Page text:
Biden admin’s particulate matter rule: premature, rejects sound science, will hurt American families

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Only six months ago, the Biden administration rightfully declined to revise the ozone standards in part because it wanted to be able to consider the newest science and do a full review of the standards. Today, by making the primary annual standard for fine particulate matter (PM2.5) more stringent, the EPA has decided that using the best science and doing a proper review for PM2.5 is unwarranted.

This move to tighten the standards is also premature. For criterial pollutants like PM2.5, the EPA must review and, if appropriate, revise the standards every five years. Instead of following this timeline created by Congress, the EPA, right near the start of the Biden administration, decided to reconsider the final rule finalized in December, 2020 that retained the existing PM2.5 standards. This 2020 decision was made after an extensive process and based in part on the advice of the Clean Air Scientific Advisory Committee (CASAC).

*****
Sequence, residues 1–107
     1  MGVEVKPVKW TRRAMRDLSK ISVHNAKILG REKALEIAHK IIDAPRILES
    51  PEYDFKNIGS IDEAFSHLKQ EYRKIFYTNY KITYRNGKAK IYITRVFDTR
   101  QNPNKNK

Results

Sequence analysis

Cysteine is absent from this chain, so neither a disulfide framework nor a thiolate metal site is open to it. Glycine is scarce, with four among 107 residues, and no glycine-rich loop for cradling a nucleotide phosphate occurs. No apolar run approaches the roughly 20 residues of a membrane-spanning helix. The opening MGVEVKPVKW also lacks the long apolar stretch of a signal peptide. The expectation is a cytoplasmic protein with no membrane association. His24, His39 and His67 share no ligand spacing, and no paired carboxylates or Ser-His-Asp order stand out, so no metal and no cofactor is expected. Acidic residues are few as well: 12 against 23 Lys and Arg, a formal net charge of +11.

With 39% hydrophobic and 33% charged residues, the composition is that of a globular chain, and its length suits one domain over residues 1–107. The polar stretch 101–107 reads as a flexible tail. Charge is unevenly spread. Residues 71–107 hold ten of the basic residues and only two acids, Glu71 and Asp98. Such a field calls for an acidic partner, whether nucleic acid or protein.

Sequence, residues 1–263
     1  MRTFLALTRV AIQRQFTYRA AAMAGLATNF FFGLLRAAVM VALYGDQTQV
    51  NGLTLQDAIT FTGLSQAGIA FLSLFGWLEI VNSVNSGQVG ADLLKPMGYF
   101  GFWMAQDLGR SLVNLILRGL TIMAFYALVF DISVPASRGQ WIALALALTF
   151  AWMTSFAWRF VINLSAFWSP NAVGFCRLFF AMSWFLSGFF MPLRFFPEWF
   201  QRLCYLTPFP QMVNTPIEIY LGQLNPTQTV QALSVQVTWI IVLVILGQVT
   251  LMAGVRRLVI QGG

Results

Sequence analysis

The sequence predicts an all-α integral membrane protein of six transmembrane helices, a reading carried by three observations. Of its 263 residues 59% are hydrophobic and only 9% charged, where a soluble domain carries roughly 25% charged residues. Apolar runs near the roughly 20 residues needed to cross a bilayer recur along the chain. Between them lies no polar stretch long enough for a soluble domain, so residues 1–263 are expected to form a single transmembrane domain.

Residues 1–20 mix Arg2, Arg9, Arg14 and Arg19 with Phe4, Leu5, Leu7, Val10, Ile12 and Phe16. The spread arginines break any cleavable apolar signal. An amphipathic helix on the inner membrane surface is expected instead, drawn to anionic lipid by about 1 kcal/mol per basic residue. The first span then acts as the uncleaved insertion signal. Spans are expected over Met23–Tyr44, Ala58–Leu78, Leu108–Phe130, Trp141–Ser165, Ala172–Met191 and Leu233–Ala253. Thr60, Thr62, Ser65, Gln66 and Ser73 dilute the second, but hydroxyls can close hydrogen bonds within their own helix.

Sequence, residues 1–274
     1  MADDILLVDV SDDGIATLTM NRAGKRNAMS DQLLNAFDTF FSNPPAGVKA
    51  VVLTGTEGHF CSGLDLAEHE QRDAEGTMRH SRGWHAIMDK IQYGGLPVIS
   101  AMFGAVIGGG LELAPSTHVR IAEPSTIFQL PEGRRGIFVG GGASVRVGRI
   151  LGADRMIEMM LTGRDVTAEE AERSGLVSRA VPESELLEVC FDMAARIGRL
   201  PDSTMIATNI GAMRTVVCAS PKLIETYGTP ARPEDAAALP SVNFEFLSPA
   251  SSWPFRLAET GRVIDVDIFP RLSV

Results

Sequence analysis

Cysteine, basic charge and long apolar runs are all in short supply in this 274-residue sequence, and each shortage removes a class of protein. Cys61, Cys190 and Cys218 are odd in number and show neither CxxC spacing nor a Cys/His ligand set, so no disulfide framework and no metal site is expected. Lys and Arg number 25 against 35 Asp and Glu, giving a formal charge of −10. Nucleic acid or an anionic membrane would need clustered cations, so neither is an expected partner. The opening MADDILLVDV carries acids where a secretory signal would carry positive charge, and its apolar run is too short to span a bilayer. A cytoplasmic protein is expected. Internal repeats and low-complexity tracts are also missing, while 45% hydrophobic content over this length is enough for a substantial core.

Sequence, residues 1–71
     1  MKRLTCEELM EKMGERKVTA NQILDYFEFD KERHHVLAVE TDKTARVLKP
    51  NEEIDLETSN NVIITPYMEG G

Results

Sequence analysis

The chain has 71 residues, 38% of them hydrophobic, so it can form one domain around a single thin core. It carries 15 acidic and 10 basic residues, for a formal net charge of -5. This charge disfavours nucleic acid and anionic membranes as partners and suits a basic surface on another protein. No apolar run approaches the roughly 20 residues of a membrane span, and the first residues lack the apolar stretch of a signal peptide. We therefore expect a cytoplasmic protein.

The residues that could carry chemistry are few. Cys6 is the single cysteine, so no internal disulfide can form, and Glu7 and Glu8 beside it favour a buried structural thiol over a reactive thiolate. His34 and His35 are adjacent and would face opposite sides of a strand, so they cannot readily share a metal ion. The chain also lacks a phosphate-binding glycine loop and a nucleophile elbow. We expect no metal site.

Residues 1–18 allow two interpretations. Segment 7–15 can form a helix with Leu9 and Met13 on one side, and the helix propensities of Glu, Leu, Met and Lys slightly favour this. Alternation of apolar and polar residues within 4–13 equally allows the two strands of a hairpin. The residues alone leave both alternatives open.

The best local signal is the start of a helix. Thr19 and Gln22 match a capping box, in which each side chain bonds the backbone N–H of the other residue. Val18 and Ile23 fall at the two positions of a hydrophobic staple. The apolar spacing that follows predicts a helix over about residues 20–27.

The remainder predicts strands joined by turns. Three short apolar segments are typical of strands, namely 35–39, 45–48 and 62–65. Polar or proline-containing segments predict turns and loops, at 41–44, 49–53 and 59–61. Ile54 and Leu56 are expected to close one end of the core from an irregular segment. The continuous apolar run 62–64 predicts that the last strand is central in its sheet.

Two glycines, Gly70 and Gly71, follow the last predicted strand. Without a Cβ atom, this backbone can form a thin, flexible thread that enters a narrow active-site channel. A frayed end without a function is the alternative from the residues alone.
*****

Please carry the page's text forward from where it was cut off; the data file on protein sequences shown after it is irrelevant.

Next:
Before the EPA decided to reconsider the 2020 final rule, EPA Administrator Michael Regan dismissed all of the advisers from CASAC as well as from another legally required panel, the Science Advisory Board. The agency then filled these panels with its desired members. This shocking and unprecedented move is yet further evidence that the agency is not focused on sound science but achieving its desired policy outcomes.  

This premature and poorly considered decision is also another example of the Biden administration wanting to support the most extreme environmental policies despite the tradeoffs and costs, including how it will hurt the financial well-being of American families. It’s also being made as the United States has some of the lowest particulate matter levels in the world.

When the EPA decided to retain the standards in 2020, it explained that US particulate matter levels are “approximately five times below the global average, six times below Chinese levels, and 20% lower than France, Germany, and Great Britain.” Further, based on EPA’s own data, from 2000-2022, average PM2.5 concentration levels decreased by 42%.

Today is a bad day for sound science, scientific integrity, and more importantly, the American people.